After finishing up with the Guardians the Astros have a rather important series for early May with the Seattle Mariners heading to town for the weekend. While it’s still too early to be an absolute must-win series for the Astros, losing the series to drop seven or eight games off the division lead would make successfully defending their American League West title that much more unlikely.

Since their own stumble out of the gate to a 6-10 record the Mariners have been racking up series wins, including one this week over the Atlanta Braves. The M’s offense is largely Mmm Mmm Bad, but their pitching is sensational. In 18 games after the 6-10 start, the Mariners gave up five runs in a game once. In the other 17 games they only gave up four runs once. Over the 18 games their starting pitchers gave up 18 earned runs total with a 1.44 earned run average. That’s absurd. Coming into the season Seattle’s starting rotation was clearly better on paper than those of the Astros and Texas Rangers, and it has crystal clearly played out as such into the second month of the schedule.

While it’s natural to focus on and fret over one’s own team's woes when they are plentiful as they have been for the Astros, a reminder that not all grass is greener elsewhere. Alex Bregman has been awful so far. So has young Mariners’ superstar Julio Rodriguez. A meager four extra base hits over his first 30 games were all Julio produced down at the ballyard. That the Mariners are well ahead of the Astros with J-Rod significantly underperforming is good news for Seattle.

Caratini comes through!

So it turns out the Astros are allowed to have a Puerto Rican-born catcher who can hit a little bit. Victor Caratini’s pedigree is not that of a quality offensive player, but he has swung the bat well thus far in his limited playing time and provided the most exciting moment of the Astros’ season with his two-out two-run 10th inning game winning home run Tuesday night. I grant that one could certainly say “Hey! Ronel Blanco finishing off his no-hitter has been the most exciting moment.” I opt for the suddenness of Caratini’s blow turning near defeat into instant victory for a team that has been lousy overall to this point. Frittering away a game the Astros had led 8-3 would have been another blow. Instead, to the Victor belong the spoils.

Pudge Rodriguez is the greatest native Puerto Rican catcher, but he was no longer a good hitter when with the Astros for the majority of the 2009 season. Then there’s Martin Maldonado.

Maldonado’s hitting stats with the Astros look Mike Piazza-ian compared to what Jose Abreu was doing this season. Finally, mercifully for all, Abreu is off the roster as he accepts a stint at rookie-level ball in Florida to see if he can perform baseball-CPR on his swing and career. Until or unless he proves otherwise, Abreu is washed up and at some point the Astros will have to accept it and swallow whatever is left on his contract that runs through next season. For now Abreu makes over $120,000 per game to not be on the roster. At his level of performance, that’s a better deal than paying him that money to be on the roster.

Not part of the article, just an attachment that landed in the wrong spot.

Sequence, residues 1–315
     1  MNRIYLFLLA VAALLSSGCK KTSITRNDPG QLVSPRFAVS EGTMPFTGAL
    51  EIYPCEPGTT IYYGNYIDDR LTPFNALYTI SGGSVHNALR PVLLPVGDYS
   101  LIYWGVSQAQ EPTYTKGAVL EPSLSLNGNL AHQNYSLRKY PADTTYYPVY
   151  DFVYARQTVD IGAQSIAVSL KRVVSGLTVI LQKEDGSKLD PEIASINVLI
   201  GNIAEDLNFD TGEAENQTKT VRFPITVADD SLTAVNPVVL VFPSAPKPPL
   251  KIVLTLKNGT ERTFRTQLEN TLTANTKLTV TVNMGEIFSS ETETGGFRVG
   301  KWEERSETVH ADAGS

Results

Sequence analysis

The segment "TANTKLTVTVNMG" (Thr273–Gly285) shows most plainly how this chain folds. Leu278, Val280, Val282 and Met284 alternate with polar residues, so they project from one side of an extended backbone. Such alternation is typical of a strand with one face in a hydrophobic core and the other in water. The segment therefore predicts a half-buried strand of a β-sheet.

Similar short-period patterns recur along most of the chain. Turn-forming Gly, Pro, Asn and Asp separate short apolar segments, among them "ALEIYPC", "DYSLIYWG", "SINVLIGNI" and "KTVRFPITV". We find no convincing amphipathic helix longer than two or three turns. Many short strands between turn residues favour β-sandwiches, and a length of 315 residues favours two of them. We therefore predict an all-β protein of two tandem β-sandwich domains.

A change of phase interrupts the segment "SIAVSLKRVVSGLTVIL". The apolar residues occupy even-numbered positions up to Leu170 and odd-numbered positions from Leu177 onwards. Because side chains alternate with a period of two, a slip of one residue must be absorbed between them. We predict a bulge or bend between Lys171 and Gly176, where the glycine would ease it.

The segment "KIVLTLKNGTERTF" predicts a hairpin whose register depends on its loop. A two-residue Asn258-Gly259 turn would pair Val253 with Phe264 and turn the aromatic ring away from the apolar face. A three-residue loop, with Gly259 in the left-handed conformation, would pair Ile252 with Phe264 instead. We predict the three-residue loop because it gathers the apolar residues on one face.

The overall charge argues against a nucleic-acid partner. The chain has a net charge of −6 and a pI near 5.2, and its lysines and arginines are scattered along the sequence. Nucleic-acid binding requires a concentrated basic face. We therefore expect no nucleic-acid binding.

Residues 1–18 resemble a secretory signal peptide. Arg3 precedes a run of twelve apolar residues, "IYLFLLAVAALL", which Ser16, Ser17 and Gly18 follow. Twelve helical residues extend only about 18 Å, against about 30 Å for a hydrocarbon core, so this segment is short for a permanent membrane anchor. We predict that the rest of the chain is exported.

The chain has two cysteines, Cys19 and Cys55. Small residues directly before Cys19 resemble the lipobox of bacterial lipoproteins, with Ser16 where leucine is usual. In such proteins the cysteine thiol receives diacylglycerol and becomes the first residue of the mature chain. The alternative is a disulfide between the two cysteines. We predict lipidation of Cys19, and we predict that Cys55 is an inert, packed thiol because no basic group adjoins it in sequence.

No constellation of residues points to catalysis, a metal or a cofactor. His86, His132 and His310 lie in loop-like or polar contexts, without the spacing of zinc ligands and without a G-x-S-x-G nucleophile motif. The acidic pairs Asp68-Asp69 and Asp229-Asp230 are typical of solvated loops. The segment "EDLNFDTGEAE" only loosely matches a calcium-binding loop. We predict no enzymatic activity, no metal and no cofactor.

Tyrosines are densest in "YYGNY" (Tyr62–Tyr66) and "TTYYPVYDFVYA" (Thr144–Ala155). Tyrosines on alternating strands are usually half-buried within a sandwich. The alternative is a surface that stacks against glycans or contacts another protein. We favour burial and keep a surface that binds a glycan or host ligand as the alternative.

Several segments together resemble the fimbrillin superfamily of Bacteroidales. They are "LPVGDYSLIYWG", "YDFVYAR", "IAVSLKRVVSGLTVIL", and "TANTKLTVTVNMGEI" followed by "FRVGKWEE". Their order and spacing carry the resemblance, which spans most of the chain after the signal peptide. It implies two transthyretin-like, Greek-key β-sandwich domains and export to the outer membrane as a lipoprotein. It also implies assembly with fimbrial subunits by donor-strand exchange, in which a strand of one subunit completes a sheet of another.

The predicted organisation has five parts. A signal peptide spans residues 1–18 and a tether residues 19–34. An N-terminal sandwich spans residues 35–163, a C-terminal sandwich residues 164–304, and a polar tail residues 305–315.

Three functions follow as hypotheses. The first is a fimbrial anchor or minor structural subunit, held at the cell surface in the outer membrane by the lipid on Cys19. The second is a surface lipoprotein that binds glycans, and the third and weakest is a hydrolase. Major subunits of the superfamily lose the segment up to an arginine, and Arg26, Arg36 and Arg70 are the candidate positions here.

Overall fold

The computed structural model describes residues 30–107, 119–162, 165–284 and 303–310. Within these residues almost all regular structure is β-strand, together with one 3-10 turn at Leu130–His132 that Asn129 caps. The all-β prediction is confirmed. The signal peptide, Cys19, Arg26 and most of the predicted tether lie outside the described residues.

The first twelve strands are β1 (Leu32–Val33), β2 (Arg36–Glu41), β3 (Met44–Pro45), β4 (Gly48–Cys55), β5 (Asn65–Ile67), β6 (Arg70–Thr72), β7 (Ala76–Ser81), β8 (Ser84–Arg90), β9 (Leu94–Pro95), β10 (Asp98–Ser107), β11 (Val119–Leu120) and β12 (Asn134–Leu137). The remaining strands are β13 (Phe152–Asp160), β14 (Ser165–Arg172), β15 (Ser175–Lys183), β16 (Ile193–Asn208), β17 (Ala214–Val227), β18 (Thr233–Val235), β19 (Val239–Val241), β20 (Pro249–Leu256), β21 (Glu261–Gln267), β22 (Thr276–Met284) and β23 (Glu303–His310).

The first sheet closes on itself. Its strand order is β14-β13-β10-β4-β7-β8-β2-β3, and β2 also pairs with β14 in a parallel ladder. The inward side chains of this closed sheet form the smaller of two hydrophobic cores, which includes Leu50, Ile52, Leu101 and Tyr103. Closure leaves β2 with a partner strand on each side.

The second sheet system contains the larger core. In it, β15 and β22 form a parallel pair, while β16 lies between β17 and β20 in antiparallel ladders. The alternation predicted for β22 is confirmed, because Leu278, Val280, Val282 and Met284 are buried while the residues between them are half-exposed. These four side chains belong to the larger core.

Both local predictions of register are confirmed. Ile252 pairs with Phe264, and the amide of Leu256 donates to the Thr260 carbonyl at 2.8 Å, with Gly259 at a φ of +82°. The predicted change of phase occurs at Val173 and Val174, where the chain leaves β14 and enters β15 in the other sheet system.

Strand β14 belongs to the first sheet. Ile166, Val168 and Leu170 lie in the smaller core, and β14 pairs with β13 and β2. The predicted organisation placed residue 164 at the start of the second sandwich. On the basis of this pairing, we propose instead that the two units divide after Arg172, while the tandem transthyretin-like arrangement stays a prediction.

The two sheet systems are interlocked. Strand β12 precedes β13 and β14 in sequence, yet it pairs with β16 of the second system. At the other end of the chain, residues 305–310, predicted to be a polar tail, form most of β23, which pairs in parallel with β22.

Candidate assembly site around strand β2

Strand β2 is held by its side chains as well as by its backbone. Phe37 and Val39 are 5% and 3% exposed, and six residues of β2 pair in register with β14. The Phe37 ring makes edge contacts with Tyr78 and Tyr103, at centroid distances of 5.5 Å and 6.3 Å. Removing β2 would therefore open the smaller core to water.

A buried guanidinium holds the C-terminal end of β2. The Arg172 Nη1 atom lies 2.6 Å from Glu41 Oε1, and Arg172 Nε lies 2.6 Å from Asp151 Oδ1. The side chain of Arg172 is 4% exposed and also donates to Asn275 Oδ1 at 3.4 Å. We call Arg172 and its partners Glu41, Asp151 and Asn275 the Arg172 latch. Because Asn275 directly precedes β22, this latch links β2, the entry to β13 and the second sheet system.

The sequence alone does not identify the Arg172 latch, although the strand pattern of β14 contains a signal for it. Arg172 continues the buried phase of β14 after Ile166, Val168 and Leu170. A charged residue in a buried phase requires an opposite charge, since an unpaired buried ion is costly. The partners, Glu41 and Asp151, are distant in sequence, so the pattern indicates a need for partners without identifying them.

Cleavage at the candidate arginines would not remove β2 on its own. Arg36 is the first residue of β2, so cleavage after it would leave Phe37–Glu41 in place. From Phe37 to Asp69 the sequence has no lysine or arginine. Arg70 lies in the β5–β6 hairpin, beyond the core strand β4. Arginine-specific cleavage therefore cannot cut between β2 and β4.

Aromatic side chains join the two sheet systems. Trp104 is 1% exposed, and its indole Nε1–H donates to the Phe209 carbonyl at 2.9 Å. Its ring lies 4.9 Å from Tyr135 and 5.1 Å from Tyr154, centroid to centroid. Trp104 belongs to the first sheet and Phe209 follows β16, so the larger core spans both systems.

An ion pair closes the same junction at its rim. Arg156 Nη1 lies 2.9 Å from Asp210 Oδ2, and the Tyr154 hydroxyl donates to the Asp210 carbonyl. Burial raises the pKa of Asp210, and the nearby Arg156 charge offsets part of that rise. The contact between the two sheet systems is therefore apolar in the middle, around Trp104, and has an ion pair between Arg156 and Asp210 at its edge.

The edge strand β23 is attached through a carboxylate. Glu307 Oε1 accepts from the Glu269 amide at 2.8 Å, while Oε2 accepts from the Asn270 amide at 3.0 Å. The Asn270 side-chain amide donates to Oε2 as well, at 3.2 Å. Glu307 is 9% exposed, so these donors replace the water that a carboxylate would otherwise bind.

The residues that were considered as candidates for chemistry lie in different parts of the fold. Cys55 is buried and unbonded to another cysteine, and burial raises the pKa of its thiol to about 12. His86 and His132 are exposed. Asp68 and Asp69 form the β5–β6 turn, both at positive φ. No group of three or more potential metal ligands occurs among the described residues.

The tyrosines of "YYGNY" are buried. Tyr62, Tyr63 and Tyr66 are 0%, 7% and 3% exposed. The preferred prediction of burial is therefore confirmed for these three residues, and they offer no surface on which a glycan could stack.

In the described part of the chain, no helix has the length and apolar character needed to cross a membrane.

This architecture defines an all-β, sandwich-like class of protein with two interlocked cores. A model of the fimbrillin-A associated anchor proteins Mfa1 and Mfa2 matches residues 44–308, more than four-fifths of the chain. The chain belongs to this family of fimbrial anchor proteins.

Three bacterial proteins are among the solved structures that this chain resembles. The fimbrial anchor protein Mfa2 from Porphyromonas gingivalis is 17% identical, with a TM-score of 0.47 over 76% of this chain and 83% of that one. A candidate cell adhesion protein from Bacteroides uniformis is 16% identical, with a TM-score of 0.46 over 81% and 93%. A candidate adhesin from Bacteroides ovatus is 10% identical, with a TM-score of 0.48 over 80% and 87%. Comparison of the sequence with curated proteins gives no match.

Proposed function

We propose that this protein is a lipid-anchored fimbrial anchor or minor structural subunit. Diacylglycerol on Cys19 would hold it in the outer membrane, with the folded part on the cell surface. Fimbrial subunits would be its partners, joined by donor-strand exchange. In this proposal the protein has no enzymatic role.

Abreu’s seven hits in 71 at bats for an .099 batting average with a .269 OPS is a humiliating stat line. In 2018 George Springer went to sleep the night of June 13 batting .293 after going hitless in his last four at bats in a 13-5 Astros’ win over Oakland. At the time no one could have ever envisioned that Springer had started a deep, deep funk which would have him endure a nightmarish six for 78 stretch at the plate (.077 batting average). Springer then hit .293 the rest of the season.

Abreu’s exile opened the door for Joey Loperfido to begin his Major League career. Very cool for Loperfido to smack a two-run single in his first game. He also struck out twice. Loperfido will amass whiffs by the bushel, he had 37 strikeouts in 101 at bats at AAA Sugar Land. Still, if he can hit .225 with some walks mixed in (he drew 16 with the Space Cowboys) and deliver some of his obvious power (13 homers in 25 games for the ex-Skeeters) that’s an upgrade over Abreu/Jon Singleton, as well as over Jake Meyers and the awful showing Chas McCormick has posted so far. Frankly, it seems unwise that the Astros only had Loperfido play seven games at first base in the minors this year. If McCormick doesn’t pick it up soon and with Meyers displaying limited offensive upside, the next guy worth a call-up is outfielder Pedro Leon. In January 2021 the Astros gave Leon four million dollars to sign out of Cuba and called him a “rapid mover to the Major Leagues.” Well…

Over his first three minor league seasons Leon flashed tools but definitely underwhelmed. He has been substantially better so far this year. He turns 26 May 28. Just maybe the Astros offense could be the cause of fewer Ls with Loperfido at first and Leon in center field.

Catch our weekly Stone Cold ‘Stros podcast. Brandon Strange, Josh Jordan, and I discuss varied Astros topics. The first post for the week generally goes up Monday afternoon (second part released Tuesday) via YouTube: stone cold stros - YouTube with the complete audio available via Apple Podcast, Spotify, or wherever you get your podcasts.